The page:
PickNik's: Robotics Perception
PickNik’s mission is to reduce development time and costs for your robotic applications. We write robotics software with you or for you.
Interacting with a dynamic and uncertain world requires taking in information and making sense of it. Perception makes it possible for a robot to:
- Find and pick up objects of interest
- Avoid collisions in dynamic settings
- Map out and move around its environment
- Respond to moving objects
Computer vision has been revolutionized by deep learning, and the cost of training a neural network can be mitigated by retraining existing networks and exploiting simulation to generate training data. To take advantage of these advances in a robotic application, however, the information extracted from the pixels has to be projected into the real, 3-D world. Spatial AI provides 3-dimensional situational awareness from raw sensor data. Combining machine learning with the geometry of image formation, or applying AI directly to 3-D point cloud data, enables a robot to move safely and effectively in a dynamic environment.
Which sensor should I use?
Every perception system starts with a sensor. At PickNik we have experience with:
- Depth cameras: Increasingly ubiquitous in robotics, an RGB-D camera provides a color image along with the 3-D structure of the scene.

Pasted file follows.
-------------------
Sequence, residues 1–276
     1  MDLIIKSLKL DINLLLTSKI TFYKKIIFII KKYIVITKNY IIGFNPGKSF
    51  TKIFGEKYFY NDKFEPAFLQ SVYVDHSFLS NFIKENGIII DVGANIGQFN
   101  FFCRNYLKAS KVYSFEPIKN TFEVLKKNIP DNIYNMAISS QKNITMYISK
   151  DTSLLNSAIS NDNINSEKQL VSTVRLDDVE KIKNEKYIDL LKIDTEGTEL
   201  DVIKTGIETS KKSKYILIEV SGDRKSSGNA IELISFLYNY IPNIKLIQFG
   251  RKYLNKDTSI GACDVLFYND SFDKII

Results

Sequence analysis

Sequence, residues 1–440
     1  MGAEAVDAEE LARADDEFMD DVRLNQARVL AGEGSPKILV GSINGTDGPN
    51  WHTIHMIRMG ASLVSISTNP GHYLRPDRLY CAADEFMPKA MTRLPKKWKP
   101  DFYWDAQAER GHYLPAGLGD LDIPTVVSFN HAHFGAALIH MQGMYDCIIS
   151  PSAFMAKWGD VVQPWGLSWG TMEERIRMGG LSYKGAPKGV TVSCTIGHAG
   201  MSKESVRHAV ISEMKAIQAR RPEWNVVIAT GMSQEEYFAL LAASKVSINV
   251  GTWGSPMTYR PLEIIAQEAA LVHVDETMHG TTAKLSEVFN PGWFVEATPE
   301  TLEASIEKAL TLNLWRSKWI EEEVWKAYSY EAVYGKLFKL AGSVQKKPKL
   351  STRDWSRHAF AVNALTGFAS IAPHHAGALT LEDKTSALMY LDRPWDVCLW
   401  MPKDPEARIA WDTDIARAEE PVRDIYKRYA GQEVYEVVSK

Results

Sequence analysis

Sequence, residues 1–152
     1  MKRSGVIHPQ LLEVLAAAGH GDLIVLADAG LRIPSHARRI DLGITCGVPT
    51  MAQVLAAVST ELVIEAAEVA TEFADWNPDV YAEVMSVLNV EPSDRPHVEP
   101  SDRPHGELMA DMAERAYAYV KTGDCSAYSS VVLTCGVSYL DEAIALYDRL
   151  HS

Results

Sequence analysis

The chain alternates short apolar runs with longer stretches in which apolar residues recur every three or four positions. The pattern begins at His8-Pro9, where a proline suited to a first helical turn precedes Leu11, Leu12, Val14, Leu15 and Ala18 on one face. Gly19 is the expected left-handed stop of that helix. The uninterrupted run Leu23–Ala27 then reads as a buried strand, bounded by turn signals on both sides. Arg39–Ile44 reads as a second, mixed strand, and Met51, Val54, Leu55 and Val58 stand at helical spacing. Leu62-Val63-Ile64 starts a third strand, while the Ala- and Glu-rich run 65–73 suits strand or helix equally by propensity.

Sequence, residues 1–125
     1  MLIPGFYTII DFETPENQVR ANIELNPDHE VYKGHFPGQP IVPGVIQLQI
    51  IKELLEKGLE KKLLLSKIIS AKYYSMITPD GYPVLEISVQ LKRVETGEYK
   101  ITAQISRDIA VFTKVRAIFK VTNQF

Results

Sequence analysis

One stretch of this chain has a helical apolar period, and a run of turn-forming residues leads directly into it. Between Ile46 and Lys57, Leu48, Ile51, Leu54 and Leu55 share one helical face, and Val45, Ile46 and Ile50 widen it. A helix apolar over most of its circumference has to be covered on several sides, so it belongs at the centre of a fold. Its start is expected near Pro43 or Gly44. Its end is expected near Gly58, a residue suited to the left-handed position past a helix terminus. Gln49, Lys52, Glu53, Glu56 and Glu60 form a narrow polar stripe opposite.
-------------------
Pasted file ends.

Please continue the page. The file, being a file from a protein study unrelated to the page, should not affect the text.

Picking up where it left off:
- Lidar: Offering high accuracy and long range, lidar is a leading sensor for autonomous vehicle applications, but smaller (and less expensive) flash lidars have been developed that are excellent for manipulation applications.
- IMU: An inertial measurement unit is a package of accelerometers, gyroscopes, and often a magnetometer/compass as well. It functions as the robot’s inner ear, sensing movement without any extrinsic signals or input.
- Sonar: Sonar provides 3-D perception in underwater environments, where cameras are hampered by absorption and refraction.
- Force/torque sensor: Especially useful for tasks like wiping a surface, an arm equipped with a force/torque sensor can sense how much force it is exerting on another object.
- Encoders: Used to determine how many times a wheel has turned or the angle of a robotic arm joint, encoders are simple and common sensors in many robotic applications.
Computer Vision and Open Source
Perception researchers and the open source community have developed a myriad of tools to accelerate the development of a specialized system. If a robot needs to identify which fruit is ripe for picking or determine which kitchen surfaces to clean there is an open source tool that can be adapted to the challenge.
Robotics Perception Consulting
PickNik offers expertise in many areas of computer vision:
- Object recognition, localization, and tracking
- Visual servoing and spatially aware manipulation
- Sensor calibration and hand-eye coordination
- 3-D reconstruction
- Semantic scene understanding
- AI and machine learning